5 Classic Novels to Read for Women's History Month

Women have a long history as novelists. From Jane Austen to Margret Atwood, women have pushed the form and produced some of history’s most enduring works. In fact, the first novel believed to be written, “The Tale of Genji” was written by Murasaki Shikib, a woman who lived about a thousand years ago in Japan. March is Women's History Month and what better way to celebrate than to explore some of the most profound pieces of writing done by womankind.

  1. 1. “Mrs. Dalloway” by Virginia Woolf ($13.49)

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    Virginia Woolf’s 1925 novel “Mrs. Dalloway” follows a day in the life of English socialite Clarissa Dalloway as she prepares for a party in 1920s London. While she goes about her day, Clarissa is flooded with memories from her past. Woolf also weaves in the melancholy tale of World War I veteran Septimus Warren Smith’s struggle with PTSD creating a story of the ordinary and the extraordinary. From the opening line “Mrs. Dalloway said she would buy the flowers herself,” this novel is plain, but anything but simple. 

  2. 2. “I Know Why the Caged Bird Sings” by Maya Angelou ($7.99 at Barnes and Noble)

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    Maya Angelou’s autobiographical novel “I Know Why the Caged Bird Sings” is a thought-provoking and beautiful story about race, gender and literacy. I don’t want to say too much because it really is one of those books that you should experience without any preconceived notions about what it is about, so I will let Angelou speak for herself. “The caged bird sings with a fearful trill/ of things unknown/ but longed for still/ and his tune is heard on the distant hill/ for the caged bird sings of freedom.” 

  3. 3. “The Age of Innocence” by Edith Wharton ($8.95 at Barnes and Noble )  

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    Edith Wharton’s portrait of New York society during the Gilded Age is a masterful work about the futility of social rules. “The Age of Innocence” won the Pulitzer Prize in 1921, making Wharton the first woman to win the prestigious award. Following the doomed romance of Newland Archer and Countess Ellen Olenska, “The Age of Innocence” is a profound statement about class, money, and yes, innocence.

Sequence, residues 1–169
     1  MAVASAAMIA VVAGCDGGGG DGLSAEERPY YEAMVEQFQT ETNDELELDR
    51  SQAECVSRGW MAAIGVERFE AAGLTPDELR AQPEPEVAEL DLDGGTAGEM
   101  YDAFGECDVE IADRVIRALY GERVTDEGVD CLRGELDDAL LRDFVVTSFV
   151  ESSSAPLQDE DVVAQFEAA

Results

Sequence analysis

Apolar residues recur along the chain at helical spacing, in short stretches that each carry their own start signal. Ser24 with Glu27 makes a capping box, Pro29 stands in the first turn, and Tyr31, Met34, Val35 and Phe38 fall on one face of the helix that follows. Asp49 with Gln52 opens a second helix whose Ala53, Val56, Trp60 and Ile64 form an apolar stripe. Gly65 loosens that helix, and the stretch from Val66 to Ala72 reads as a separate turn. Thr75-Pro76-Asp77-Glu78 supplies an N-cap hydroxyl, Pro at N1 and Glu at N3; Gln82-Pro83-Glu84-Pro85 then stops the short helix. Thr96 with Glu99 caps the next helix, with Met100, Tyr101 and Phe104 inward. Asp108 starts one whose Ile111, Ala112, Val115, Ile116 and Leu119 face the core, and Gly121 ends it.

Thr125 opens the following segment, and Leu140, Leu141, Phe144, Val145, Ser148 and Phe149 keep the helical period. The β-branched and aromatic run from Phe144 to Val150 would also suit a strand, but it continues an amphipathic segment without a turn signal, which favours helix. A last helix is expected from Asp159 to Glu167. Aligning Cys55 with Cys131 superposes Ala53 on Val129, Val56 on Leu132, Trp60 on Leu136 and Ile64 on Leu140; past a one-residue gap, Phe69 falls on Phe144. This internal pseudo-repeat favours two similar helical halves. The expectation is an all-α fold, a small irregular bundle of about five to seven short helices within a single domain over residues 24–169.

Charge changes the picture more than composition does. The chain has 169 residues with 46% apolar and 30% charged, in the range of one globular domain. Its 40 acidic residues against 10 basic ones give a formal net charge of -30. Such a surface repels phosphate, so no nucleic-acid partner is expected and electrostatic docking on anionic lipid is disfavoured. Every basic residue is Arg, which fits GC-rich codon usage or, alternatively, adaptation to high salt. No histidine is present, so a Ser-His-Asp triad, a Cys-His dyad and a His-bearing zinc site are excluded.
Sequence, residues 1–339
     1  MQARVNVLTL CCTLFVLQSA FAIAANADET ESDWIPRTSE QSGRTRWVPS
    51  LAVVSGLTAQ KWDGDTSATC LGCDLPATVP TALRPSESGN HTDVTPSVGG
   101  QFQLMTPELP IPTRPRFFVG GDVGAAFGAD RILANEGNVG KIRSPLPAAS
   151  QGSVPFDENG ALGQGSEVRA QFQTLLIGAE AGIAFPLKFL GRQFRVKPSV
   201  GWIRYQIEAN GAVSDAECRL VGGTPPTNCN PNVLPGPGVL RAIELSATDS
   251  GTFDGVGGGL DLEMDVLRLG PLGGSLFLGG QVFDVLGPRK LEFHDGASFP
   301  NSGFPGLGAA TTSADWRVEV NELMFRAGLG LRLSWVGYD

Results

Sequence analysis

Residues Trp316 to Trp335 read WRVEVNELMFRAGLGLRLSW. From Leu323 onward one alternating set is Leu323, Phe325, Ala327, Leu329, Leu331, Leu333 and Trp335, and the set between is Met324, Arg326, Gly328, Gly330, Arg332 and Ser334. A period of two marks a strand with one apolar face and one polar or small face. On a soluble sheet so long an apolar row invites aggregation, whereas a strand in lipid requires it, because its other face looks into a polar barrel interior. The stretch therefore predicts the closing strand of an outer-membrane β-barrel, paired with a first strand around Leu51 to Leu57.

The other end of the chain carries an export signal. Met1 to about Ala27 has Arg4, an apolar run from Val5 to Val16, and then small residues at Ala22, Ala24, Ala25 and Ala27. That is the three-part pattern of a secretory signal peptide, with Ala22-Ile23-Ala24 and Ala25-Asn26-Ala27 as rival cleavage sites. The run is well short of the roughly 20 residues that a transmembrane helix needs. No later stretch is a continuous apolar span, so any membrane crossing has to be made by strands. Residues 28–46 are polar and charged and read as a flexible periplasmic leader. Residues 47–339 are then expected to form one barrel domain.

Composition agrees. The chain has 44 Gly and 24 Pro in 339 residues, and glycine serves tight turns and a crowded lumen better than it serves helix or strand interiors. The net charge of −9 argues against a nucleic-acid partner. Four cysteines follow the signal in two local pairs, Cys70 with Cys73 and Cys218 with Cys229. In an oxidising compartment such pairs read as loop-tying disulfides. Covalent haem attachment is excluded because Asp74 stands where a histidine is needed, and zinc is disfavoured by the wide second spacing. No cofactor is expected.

4. 4. “Jane Eyre” by Charlotte Brontë ($7.95 at Barnes and Noble)

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     As a young woman, I really resonated with the character of Jane. She is a modern yet timeless representation of independent young women. Jane belongs in the English manor Thornfield Hall as much as she might fit in at a college dorm. “Jane Eyre” is essential reading for not just women, but everyone. The stories, characters and themes of “Jane Eyre” are timeless reflections of the human spirit.

  5. 5. “The Bell Jar” by Sylvia Plath ($15.99 at Barnes and Noble)

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    The only novel by Sylvia Plath, “The Bell Jar,” is a brilliant and haunted descendance into the human psyche. This semi-autobiographical depiction of the protagonist Ester Greenwood’s mental breakdown and struggle with depression is honest and accessible. “The Bell Jar’s” relationship with mental health and mental illness is revolutionary. The writing is immaculate. How can you not love a book with lines like: “I took a deep breath and listened to the old brag of my heart. I am, I am, I am,”?